The shop owner glances behind him, following the man’s gaze. Looking the girl up and down, he shrugs. “Twenty. Good price. She’s new here…” catching the man’s eye he whispers just out of earshot, “pretty inexperienced.”

The man’s smile stretches in unnatural ways – barely meeting his eyes. She sees the exchange – his hands shaking as he hands the small wad of bills to the owner. Hiding her grimace, she straightens her back and steels herself against the pounding of her heart. Her friend sitting next to her grabs her hand and gives it a squeeze, tracing her palm with her pinky. Their secret message: hold on. rescue is coming. this nightmare will end. hold on.

Closing her eyes, she breathes deep his scent as he walks up to her. She studies his shoes for awhile. Leather. Expensive. A small scratch on the right foot – almost as if he ran into a twig while running. She refuses the realization he probably paid more for his shoes than he did for a short session with her. His hand wrap around her small arm and she winces at the strength. Her pulse becomes erratic and she lifts up a silent prayer, hoping someone is listening. Please let this be a dream. Please let the pain end.

Someone is listening, right?

The man with the scuffed leather shoes walks heavily into a side room and shoves her into the corner. She stumbles, struggling for footing before collapsing on the makeshift bed. His breathing grows ragged and the slow whoosh of a belt slaps against the straps as it comes undone. She focuses on his shoes, strewn carelessly across the room. The pain comes and she fights for breath under his weight, but she’s in another place. There’s mud on his shoes but something catches her eye. There. In the middle of mud – almost buried by grime – a small flower radiates with color.

Life in the middle of death. Beauty in the middle of devastation. Hope in the middle of despair.

A tiny tear slips unnoticed and she feels a sharp pain as the man slaps her – his ring digging into her cheek.

“Stop crying you whore. You want something to cry about? I’ll show you.”

Her heart threatens the protection of her ribcage – with a cry she begins to fight. Kicking. Screaming. Biting. As long as she’s breathing she will hold on to her humanity. Her innocence. She will not let go. The pain inches its way to every part of who she is but every space of life battles for survival. Her tiny fingers wrap themselves in his hair, pulling the strands from his scalp in small clusters. Her little feet beat rhythms against his legs, creating bruises he’ll have to explain away. For a split second, she thinks she may have won. His weight shifts and she watches as he gets up and turns away, rummaging through his pockets. Her eyes widen and her head starts shaking vehemently, pleading for mercy. He grabs her ankles and wrists, tying them with a rope. The fibers cut into her skin and all hope, all life, all beauty shrinks away. She is no match for his brute force, his laughter reveals this is just a game to him.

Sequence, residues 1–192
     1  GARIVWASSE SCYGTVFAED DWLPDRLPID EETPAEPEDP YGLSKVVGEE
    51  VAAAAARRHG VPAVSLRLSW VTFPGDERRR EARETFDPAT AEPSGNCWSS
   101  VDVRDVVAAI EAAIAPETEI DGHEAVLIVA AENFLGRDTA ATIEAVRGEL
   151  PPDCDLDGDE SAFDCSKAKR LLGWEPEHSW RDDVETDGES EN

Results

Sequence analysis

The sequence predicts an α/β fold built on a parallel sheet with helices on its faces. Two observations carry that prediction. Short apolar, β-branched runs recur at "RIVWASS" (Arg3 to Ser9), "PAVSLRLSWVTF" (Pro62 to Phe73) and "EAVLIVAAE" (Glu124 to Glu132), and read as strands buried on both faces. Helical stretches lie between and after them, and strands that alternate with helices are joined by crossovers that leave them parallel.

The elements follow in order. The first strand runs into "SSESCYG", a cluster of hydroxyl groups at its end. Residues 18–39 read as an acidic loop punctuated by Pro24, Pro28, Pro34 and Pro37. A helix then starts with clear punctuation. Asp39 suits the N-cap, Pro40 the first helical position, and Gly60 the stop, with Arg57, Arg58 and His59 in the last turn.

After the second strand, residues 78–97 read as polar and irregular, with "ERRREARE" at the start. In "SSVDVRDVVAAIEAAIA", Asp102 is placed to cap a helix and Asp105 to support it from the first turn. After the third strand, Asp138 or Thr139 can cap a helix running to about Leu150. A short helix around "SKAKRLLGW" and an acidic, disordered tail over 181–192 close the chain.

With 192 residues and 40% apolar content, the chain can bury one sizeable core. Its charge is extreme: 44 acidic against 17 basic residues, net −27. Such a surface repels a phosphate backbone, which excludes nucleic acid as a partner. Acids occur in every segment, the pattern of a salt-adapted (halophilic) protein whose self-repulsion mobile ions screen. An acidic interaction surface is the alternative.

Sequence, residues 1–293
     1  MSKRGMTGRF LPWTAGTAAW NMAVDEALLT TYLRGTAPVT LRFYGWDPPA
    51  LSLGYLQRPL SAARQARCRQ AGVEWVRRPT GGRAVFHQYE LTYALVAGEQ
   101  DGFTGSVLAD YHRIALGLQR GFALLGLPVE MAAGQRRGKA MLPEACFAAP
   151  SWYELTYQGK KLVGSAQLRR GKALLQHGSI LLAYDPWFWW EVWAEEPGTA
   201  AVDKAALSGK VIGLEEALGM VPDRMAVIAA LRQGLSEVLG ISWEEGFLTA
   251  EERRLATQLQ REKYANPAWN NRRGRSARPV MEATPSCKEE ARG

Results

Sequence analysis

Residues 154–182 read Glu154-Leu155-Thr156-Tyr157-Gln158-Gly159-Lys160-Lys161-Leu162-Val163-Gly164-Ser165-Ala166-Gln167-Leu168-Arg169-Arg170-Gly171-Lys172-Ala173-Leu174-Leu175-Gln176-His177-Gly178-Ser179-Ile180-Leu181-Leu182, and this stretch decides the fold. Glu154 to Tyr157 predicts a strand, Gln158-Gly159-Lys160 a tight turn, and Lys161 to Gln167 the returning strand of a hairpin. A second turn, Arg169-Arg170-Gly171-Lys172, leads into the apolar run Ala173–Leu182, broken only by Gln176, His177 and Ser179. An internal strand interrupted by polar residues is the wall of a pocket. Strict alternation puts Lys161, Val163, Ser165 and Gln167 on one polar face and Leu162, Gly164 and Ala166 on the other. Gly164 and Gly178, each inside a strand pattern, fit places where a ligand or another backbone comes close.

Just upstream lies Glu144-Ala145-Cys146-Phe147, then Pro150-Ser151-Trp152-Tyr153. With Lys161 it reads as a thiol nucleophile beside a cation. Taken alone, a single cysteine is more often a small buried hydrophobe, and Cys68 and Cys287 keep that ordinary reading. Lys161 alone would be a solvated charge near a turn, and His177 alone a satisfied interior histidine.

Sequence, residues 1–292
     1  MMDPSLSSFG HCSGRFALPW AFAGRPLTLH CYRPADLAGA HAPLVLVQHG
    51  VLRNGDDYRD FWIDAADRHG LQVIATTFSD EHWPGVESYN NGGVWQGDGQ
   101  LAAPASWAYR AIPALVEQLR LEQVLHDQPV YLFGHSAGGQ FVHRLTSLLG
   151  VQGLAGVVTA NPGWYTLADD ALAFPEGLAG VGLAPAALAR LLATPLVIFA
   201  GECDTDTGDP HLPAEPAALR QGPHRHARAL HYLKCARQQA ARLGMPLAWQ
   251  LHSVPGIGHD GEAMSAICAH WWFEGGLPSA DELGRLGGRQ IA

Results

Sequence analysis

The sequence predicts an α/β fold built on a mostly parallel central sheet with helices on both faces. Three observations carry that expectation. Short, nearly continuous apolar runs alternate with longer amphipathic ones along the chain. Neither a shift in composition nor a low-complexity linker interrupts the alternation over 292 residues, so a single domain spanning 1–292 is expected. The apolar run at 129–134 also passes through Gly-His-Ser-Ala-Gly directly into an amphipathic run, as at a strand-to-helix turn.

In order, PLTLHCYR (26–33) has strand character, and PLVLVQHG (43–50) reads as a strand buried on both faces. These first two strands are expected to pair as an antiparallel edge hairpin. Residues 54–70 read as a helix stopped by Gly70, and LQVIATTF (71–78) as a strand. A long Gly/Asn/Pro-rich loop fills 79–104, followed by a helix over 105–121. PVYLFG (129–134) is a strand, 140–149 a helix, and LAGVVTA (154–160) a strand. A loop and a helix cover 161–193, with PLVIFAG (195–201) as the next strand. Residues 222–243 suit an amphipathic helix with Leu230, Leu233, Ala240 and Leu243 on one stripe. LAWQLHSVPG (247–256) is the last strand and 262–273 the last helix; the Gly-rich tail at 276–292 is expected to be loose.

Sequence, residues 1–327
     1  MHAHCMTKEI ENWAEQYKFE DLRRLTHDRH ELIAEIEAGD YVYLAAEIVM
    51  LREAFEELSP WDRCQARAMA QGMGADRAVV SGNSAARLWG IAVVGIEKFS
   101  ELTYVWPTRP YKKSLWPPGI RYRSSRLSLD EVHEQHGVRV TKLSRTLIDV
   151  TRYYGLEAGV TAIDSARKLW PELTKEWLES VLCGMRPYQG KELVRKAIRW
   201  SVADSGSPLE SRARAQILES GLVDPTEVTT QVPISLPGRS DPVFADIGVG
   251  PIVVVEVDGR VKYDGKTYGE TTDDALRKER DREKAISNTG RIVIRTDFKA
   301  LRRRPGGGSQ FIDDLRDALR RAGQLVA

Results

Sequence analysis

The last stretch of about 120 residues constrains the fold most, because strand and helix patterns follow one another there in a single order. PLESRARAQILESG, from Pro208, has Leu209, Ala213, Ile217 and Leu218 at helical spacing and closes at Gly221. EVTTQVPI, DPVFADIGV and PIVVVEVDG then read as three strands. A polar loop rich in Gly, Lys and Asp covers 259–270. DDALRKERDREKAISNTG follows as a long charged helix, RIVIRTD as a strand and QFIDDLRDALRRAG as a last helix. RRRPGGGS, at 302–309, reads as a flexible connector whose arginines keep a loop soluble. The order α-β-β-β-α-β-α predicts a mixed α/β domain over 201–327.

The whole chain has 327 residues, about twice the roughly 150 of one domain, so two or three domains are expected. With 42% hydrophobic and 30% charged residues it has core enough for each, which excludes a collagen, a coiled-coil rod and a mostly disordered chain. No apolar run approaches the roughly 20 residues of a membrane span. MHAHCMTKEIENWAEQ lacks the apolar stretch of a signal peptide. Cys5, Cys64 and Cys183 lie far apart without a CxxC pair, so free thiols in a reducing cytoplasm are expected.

She loses strength and collapses against the sheets, pulling herself as far away from him as possible. She will smell his scent forever. She will wake from nightmares with his face inches from hers. She will never get away from his taste. She will never hide from his force.

She is his captive. She lays there. Lifeless. Forgotten. Invisible.

Finally, the man finishes, grunting with satisfaction. Broken again by a man she doesn’t know. she fights the rage, lacking the energy to act out on her impulses. She reacts the only way she knows how. She waits and hopes.

He puts on his leather shoes, the weight of his steps now matching his physical force. Walking over to where she still lay motionless, his eyebrows sink in confusion. She’s hidden her face against the pillow, her shoulders still quivering from the sobs she held back during the session. He places a timid hand on her arm and she turns to look him square in the eyes. It’s the first time she’s forced him to look at her – truly see her. She waits.

One second. He sees life and hopes and dreams. Two seconds. He sees despair and pain and hopelessness. Three seconds. He sees peace and acceptance and waiting. Four seconds. He sees beauty out of ashes and restoration out of destruction.

His destruction.